Tornadoes come from mainly two types of thunderstorms: supercell and non-supercell.
Tornadoes that come from a supercell thunderstorm are the most common, and often the most dangerous. A rotating updraft is a key to the development of a supercell, and eventually a tornado. There are many ideas about how this rotation begins. One way a column of air can begin to rotate is from wind shear – when winds at two different levels above the ground blow at different speeds or in different directions.
An example of wind shear that can eventually create a tornado is when winds at ground level, often slowed down by friction with the earth’s surface, come from the southwest at 5 mph. But higher up, at 5000 feet above the same location, the winds are blowing from the southeast at 25 mph! An invisible “tube” of air begins to rotate horizontally. Rising air within the thunderstorm tilts the rotating air from horizontal to vertical – now the area of rotation extends through much of the storm.
Once the updraft is rotating and being fed by warm, moist air flowing in at ground level, a tornado can form. There are many ideas about this too.
Scientists still have many questions. As few as 20 percent of all supercell thunderstorms actually produce tornadoes. Why does one supercell thunderstorm produce a tornado and another nearby storm does not? What are some of the causes of winds moving at different speeds or directions that create the rotation? What are other circulation sources for tornadoes? What is the role of downdrafts (a sinking current of air) and the distribution of temperature and moisture (both horizontally and vertically) in tornadogenesis?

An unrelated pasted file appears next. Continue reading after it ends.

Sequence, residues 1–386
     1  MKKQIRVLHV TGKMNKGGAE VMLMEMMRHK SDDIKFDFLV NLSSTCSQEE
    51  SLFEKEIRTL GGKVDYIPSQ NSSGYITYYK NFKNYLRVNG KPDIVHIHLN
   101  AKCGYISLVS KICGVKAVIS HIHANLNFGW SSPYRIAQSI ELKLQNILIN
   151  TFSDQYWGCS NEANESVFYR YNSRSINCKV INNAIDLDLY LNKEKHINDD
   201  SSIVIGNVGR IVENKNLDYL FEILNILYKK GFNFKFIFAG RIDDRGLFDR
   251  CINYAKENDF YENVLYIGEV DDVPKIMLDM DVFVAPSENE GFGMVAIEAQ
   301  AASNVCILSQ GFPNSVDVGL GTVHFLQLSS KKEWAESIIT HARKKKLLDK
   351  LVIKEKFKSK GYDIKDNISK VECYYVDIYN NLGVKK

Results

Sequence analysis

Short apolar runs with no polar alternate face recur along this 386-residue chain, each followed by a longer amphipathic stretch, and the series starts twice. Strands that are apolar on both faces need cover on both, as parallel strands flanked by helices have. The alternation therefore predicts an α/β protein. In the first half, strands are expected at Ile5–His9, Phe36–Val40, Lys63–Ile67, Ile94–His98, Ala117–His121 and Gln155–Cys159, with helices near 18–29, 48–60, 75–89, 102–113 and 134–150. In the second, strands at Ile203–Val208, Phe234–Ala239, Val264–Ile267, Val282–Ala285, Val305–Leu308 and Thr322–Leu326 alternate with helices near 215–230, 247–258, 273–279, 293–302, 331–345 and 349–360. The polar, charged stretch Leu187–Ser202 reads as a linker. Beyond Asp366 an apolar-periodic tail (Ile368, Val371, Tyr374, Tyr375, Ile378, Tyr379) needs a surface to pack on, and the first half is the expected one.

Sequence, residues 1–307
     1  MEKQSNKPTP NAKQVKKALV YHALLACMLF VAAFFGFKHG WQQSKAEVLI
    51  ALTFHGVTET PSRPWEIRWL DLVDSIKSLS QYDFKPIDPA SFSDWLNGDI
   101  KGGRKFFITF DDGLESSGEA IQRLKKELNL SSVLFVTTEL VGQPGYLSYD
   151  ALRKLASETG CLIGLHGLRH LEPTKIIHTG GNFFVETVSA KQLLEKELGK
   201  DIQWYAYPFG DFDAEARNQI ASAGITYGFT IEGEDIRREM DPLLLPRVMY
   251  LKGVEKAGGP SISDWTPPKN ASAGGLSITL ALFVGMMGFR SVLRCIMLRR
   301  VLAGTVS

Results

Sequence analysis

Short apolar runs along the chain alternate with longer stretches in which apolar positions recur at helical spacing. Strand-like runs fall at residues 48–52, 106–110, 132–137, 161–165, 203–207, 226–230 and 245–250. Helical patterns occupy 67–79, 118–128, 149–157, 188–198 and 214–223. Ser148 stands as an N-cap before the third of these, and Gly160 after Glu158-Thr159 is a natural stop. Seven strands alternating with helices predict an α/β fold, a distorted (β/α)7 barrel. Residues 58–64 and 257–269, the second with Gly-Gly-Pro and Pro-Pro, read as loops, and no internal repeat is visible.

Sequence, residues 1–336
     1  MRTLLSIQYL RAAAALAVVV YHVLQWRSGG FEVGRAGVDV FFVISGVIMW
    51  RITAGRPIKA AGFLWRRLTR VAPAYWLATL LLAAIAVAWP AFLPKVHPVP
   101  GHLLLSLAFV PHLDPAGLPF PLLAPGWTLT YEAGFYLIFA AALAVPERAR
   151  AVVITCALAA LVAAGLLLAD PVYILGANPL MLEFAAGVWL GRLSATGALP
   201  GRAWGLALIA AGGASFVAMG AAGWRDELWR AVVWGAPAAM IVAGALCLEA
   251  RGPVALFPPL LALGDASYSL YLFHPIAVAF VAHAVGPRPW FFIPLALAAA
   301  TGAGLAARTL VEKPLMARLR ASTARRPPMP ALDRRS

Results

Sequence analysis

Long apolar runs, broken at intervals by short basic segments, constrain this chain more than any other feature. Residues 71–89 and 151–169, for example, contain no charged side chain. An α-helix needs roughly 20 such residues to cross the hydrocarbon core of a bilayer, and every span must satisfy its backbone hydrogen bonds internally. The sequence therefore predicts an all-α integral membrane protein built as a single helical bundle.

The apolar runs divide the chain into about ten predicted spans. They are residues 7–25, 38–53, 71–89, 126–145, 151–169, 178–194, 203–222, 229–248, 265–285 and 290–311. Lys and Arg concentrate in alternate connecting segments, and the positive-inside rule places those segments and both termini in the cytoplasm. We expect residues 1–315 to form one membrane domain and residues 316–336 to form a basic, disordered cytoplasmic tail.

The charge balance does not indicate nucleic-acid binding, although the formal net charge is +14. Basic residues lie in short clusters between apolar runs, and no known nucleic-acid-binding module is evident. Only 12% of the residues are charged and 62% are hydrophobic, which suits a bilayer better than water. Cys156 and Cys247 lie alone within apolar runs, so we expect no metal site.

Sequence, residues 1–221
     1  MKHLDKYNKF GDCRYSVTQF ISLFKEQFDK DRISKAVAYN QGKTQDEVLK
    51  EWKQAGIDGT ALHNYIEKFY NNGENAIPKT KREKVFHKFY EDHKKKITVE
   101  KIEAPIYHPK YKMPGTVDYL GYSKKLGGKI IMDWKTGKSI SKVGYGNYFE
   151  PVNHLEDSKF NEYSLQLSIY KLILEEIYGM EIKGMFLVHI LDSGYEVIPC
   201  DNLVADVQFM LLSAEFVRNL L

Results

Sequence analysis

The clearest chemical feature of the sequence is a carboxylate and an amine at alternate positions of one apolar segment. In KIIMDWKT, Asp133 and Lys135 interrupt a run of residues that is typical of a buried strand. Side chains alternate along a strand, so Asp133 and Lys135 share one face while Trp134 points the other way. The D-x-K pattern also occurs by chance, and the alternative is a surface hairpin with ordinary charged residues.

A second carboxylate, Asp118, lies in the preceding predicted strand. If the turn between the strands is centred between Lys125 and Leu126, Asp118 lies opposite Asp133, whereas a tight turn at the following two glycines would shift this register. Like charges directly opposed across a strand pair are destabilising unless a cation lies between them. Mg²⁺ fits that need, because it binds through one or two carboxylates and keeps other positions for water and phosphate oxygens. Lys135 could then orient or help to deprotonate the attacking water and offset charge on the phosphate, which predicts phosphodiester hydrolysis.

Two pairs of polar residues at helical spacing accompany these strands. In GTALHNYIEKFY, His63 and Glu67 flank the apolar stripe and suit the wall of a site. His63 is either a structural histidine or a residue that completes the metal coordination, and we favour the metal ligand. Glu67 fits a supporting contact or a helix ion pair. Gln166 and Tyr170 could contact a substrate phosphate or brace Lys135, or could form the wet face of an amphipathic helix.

And, since not all tornadoes come from supercells, what about tornadogenesis in non-supercell thunderstorms?
Non-supercell tornadoes are circulations that do not form from organized storm-scale rotation. These tornadoes form from a vertically spinning parcel of air already occurring near the ground caused by wind shear from a warm, cold, or sea breeze front, or a dryline. When an updraft moves over the spinning, and stretches it, a tornado can form. Eastern Colorado experiences non-supercell tornadoes when cool air rushes down off the Rocky Mountains and collides with the hot dry air of the plains. Since these types of tornadoes happen mostly over scarcely populated land, scientists are not sure how strong they are, but they tend to be small.
One non-supercell tornado is the gustnado, a whirl of dust or debris at or near the ground with no condensation funnel, which forms along the gust front of a storm.
Another non-supercell tornado is a landspout. A landspout is a tornado with a narrow, rope-like condensation funnel that forms while the thunderstorm cloud is still growing and there is no rotating updraft – the spinning motion originates near the ground.
Waterspouts are similar to landspouts, except they occur over water. Damage from these types of tornadoes tends to be EF2 or less.
Gustnadoes, whirls of dust or debris at or near the ground with no condensation funnel, which form along the gust front of a storm.
Landspouts, narrow, rope-like condensation funnels that form while the thunderstorm cloud is still growing and there is no rotating updraft. The spinning motion originates near the ground.
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